Zuma Says He’s Not at War With South Africa Finance Ministry

  • President downplays tensions with Finance Minister Gordhan
  • Zuma defends new panel that will oversee state companies

South African President Jacob Zuma downplayed tensions between his office and the National Treasury, saying perceptions they were at war are unfounded.

“There is no war between the Presidency and the Treasury,” Zuma told lawmakers in Cape Town on Tuesday. “I am saying there is no war within government and that is a clear answer, whatever perceptions people may have.”

Zuma has dismissed Finance Minister Pravin Gordhan’s request to fire the nation’s tax chief for insubordination and delayed his attempts to install a new board at the loss-making state airline. He also said he couldn’t intervene in a police investigation into allegations that Gordhan oversaw the establishment of an illegal investigative unit at the state tax agency almost a decade ago.

Amid the tensions, Deputy President Cyril Ramaphosa said last month, “when a government works well it should be a government that does not wage war with itself.”

In December last year, Zuma sparked a run on the rand and the nation’s bonds when he appointed little-known lawmaker David van Rooyen as his finance minister in place of the respected Nhlanhla Nene. The president appointed Gordhan to the post four days later, after lobbying by leaders of business and the ruling African National Congress.

Police Investigation

Police said last month that Gordhan may be charged in connection with allegations that he oversaw the establishment of an illicit investigative unit when he headed the national tax agency. The prospect of the finance chief being fired sparked a sell-off in the rand and raised speculation that the nation’s credit rating may be cut to junk by year end.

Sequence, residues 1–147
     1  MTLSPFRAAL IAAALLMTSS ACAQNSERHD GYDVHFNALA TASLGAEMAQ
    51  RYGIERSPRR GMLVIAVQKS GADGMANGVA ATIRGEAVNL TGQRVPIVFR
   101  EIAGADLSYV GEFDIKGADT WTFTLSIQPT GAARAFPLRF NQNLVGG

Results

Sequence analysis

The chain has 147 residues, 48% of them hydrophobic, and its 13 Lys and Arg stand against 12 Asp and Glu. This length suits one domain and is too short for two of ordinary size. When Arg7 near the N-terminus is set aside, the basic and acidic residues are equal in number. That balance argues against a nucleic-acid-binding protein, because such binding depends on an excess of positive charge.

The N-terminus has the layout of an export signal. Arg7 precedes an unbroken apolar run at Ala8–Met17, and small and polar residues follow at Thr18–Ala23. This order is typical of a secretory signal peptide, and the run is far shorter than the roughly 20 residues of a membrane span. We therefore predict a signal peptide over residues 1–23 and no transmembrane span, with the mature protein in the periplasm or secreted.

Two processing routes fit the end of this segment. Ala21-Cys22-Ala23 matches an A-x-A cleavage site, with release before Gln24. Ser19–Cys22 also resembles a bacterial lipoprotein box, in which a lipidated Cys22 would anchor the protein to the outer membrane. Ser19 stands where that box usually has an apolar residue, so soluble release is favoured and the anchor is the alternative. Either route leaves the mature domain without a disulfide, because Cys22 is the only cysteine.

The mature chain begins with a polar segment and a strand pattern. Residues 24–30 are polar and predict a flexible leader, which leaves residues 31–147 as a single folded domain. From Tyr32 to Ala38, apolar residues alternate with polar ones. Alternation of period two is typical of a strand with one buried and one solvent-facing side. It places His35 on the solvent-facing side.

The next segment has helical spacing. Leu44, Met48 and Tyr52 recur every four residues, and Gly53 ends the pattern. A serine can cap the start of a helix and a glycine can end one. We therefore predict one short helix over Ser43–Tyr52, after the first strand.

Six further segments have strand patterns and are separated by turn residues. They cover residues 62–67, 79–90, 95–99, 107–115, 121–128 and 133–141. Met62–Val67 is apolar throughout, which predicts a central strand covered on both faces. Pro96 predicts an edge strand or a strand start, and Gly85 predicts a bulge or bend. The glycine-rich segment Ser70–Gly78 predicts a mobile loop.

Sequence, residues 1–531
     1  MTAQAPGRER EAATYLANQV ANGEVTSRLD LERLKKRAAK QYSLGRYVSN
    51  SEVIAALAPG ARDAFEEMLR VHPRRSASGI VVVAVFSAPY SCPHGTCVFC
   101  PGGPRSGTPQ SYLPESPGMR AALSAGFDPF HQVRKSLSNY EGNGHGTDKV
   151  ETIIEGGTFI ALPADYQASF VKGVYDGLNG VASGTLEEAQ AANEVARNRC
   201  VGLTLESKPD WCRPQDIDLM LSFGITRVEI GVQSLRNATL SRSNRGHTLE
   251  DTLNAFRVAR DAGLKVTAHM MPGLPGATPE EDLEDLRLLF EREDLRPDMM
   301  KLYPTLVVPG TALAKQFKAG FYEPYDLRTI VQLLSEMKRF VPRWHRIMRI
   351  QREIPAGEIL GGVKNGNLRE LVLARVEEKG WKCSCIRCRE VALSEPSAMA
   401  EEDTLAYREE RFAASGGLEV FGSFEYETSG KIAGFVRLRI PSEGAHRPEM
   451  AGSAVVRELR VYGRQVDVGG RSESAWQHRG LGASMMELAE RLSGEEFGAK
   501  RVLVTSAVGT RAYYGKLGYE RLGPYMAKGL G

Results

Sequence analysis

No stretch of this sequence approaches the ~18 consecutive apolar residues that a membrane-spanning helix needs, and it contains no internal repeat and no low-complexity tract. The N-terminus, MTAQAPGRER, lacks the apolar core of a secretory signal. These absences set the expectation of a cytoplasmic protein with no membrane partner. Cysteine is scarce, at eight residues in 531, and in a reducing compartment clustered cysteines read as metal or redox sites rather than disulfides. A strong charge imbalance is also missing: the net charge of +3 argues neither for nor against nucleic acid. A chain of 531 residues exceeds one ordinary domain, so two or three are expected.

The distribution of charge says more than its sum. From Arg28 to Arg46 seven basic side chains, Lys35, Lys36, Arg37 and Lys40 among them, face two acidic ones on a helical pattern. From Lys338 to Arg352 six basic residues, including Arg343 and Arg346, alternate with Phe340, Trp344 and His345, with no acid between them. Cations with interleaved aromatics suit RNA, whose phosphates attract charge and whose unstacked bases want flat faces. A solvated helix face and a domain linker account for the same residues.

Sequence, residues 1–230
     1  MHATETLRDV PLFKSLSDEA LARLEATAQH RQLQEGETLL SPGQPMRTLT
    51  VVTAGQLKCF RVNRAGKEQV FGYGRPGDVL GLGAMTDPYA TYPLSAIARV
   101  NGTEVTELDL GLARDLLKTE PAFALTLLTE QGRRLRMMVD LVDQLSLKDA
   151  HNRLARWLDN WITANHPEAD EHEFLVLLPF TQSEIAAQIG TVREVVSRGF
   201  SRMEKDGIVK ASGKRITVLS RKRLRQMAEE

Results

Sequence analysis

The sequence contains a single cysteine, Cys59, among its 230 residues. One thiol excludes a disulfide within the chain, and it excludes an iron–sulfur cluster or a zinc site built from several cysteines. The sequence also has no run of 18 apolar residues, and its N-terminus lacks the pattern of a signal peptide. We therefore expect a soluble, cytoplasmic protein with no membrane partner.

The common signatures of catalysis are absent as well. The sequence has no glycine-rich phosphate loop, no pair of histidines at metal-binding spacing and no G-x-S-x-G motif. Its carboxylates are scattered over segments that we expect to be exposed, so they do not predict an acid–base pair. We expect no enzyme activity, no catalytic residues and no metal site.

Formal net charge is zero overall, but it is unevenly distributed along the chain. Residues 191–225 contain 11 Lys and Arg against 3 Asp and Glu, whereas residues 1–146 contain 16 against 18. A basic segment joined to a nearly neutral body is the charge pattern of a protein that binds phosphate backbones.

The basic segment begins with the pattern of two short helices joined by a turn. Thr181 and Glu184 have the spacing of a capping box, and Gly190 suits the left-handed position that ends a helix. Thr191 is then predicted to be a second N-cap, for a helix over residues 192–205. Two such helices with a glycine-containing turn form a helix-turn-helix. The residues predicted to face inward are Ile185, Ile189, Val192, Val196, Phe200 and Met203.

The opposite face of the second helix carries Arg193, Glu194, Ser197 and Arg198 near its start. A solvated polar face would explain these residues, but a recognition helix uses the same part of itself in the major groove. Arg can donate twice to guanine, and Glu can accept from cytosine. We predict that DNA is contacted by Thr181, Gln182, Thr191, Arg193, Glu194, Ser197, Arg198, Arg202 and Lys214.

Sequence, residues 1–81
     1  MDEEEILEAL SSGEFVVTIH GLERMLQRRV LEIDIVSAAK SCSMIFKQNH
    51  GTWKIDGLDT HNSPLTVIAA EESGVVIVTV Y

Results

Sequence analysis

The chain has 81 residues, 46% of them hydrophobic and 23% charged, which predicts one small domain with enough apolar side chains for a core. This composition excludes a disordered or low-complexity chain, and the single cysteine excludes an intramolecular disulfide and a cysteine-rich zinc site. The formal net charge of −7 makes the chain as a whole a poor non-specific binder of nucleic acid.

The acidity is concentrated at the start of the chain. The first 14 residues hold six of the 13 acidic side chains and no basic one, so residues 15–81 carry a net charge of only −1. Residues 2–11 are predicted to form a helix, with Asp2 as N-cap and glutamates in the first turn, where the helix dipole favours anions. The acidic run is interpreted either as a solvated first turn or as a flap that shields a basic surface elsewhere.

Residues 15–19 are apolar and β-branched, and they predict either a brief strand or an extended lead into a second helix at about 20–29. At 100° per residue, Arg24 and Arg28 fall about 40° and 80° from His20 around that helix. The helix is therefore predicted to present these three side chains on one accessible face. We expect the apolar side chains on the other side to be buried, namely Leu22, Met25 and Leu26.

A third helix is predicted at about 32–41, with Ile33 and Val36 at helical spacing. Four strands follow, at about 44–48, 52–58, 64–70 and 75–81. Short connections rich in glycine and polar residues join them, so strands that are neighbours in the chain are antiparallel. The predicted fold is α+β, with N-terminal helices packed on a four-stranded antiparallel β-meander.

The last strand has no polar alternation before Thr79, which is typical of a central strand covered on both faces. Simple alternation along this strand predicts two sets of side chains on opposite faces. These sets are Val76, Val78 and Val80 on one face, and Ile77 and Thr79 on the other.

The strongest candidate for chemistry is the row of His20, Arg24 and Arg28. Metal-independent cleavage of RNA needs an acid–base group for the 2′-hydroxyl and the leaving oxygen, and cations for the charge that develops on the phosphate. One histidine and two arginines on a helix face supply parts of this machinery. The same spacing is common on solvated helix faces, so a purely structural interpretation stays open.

With an economic expansion of 3.3 percent in the second quarter pointing to “an optimistic outlook” and recent election results that gave the opposition control of key cities showing the nation’s democracy is maturing, there’s no reason for South Africa’s credit rating to be cut, according to the president.

S&P Global Ratings Ltd. is due in December to release the next review of its rating for South Africa, which like that of Fitch Ratings Ltd. is the lowest investment grade.

Zuma also downplayed concerns that he was undermining Gordhan and other members of his cabinet by establishing a new committee that he will chair to oversee and coordinate the work done by state-owned companies. The panel will only ensure the companies work better together and won’t directly run projects or assume any of the responsibilities delegated to ministers, he said.

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